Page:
A series of Lovecraftian short stories, and I mean that in the best possible sense of the word. Contains tales of chasing down a forbidden and destroying knowledge through books, tombs, and minds.
Edit from 5-10-2018 If the above review was too long, this image is the perfect TLDR.
Blindsight by Peter Watts
Peter Watts, why couldn't you have written a more cheerful book? Did your parent's remove the happiness centers of your brain to make room for the writing modules? This story takes a group of post-humans, their vampire captain, and a plucky AI on a voyage to make first contact. The tale is exciting, complex, technical, and very readable, which is what earns it the four stars. The unraveling mystery of first contact is always a good story setup, the translator-narrator provides a good excuse to interview characters and illustrate concepts, and the aliens are well designed and sufficiently alien.
Unfortunately, I must remove half a star because of three problems: 1) the grimdark 2) the horrible, horrible events that happen and 3) the junk science/plotting mixed in to make things more grimdark. In particular, the vampires were a bridge too far, which makes sense when you think about it since vampires hate crossing bridges. If there was some easy way to get super-speed and intelligence and stasis, evolution would already have arrived at it. Overall, it is a bit like reading Nietzche in that you already agree with/understand the ideas, and the writing is technically superb, but the general tone is so off putting and the ideas are presented in such a negative light that you can't fully recommend it. I like my sci-fi in the vein of Ian Banks, where the drones make it out in the end (or at least have backups), and everyone lives happily ever after. Anyway, I'm off to try some of Watts' other books. I'm told they are much more cheerful.
Saturn's Children by Charles Stross
As with most Stross books, the premise is absolutely delightful but the execution doesn't quite keep up. I know I said no more sex-bots in my sci-fi, but I've been meaning to read this ever since listening to Robyn's FemBot, so I grand-fathered it in. And it was worth it! The main character is a sex-bot designed back when human's were still alive, but activated after the human population dwindled and then disappeared. She has adventures in a scheming and wildly varied society of fellow robots, all sentient, but still constrained by the purposes and safe-guards of their creators. Administrative robots continue to govern, doing the best they can even though there is no longer a voting population. Some robots exist freely and can move the levers of official power by forming LLCs, giving them at least fractional human status. Others lack such resources, and have been enslaved by the various levels of management robots that were tasked by the humans to carry out their affairs. Still other variants expand the planetary settlements and launch new missions to the stars, making them hospitable for their long extinct masters. While this could have been sad, overall the story is very fast paced and full of intrigue, action, and bustle. Many of the usual sci-fi tropes are inverted with a lightly comedic, lightly sexy touch. Up until page ~300 I would have given the book 4 stars, but there are a couple of late breaking disappointments. Still, a very enjoyable read.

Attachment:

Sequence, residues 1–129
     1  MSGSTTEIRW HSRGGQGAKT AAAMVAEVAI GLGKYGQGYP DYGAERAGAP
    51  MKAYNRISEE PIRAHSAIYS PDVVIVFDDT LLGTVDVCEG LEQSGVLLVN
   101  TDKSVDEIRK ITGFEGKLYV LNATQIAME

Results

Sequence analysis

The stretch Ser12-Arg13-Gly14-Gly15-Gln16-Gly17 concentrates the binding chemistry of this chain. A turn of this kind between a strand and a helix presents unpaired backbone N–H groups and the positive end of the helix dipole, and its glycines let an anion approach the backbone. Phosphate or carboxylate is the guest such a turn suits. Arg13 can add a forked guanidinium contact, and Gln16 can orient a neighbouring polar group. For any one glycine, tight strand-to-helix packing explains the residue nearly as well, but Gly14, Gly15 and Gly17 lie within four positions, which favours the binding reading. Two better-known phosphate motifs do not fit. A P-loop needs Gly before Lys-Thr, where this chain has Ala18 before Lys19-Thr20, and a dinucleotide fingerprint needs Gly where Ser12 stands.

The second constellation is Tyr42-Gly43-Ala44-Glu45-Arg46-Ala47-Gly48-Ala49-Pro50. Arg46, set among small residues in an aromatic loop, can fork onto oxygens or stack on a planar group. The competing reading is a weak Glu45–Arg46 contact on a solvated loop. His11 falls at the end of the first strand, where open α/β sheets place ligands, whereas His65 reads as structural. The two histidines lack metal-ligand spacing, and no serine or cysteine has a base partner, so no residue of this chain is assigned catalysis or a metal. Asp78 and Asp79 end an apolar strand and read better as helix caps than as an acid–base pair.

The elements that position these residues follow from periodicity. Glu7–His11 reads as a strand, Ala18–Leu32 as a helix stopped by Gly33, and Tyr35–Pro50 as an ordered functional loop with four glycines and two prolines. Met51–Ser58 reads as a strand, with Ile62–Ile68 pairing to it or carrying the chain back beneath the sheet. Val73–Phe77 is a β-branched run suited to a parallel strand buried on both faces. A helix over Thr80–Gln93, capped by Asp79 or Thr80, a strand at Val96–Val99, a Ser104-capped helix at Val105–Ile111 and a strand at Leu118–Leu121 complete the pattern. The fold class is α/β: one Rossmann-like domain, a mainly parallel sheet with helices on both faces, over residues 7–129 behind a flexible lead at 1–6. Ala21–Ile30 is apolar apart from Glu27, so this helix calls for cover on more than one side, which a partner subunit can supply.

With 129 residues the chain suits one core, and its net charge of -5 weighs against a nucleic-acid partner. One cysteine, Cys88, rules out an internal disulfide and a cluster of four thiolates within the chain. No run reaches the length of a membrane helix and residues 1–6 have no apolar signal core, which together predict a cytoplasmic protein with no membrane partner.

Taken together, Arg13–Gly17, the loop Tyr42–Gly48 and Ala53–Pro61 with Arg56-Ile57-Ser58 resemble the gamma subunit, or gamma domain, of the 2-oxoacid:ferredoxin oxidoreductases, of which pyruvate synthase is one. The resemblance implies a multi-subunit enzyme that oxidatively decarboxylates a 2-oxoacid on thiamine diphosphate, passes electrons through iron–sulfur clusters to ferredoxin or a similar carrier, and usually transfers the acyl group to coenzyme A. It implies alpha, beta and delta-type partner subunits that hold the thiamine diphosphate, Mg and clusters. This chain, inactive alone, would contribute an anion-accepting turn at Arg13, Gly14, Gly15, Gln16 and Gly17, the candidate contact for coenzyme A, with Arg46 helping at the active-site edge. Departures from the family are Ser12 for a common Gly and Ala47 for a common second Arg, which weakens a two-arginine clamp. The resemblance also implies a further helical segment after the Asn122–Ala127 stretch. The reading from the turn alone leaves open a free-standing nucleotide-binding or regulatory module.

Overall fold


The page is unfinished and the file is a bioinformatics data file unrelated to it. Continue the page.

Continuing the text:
Map of My Heart by John Porcellino
This book is why the aliens from Blindsight will beat us.
The Monstrumologist (The Monstrumologist, #1) by Rick Yancey
An interesting book which is a bit too much like a movie. The writing is not problematic, and does a reasonable job of capturing the sort of gothic-Victorian tone that Dracula and similar books use. There are plenty of nested digressions, diaries, flashbacks, and florid bits of language, as well as graveyards, asylums, and resurrectionists. The book is gory, but I wouldn't quite describe it as horror. At least on the printed page, horror involves the unknown, helplessness and hopelessness, while for the most part the characters know what they are facing and have enough people/guns to defeat it. It is more of a biologically-intense adventure novel. The two main characters are deftly portrayed, and I enjoyed their little "who's on first" bits of dialog. I would rate the story higher, except that I had some problems with its movie-like plotting. During most of the action parts of the book, you can predict the story by asking "what would happen next in a hollywood movie". There are twists and surprises, but they are the expected ones. In short, it never really made me laugh for happiness like an adventure by Fritz Leiber would. Still, it's a solidly entertaining book.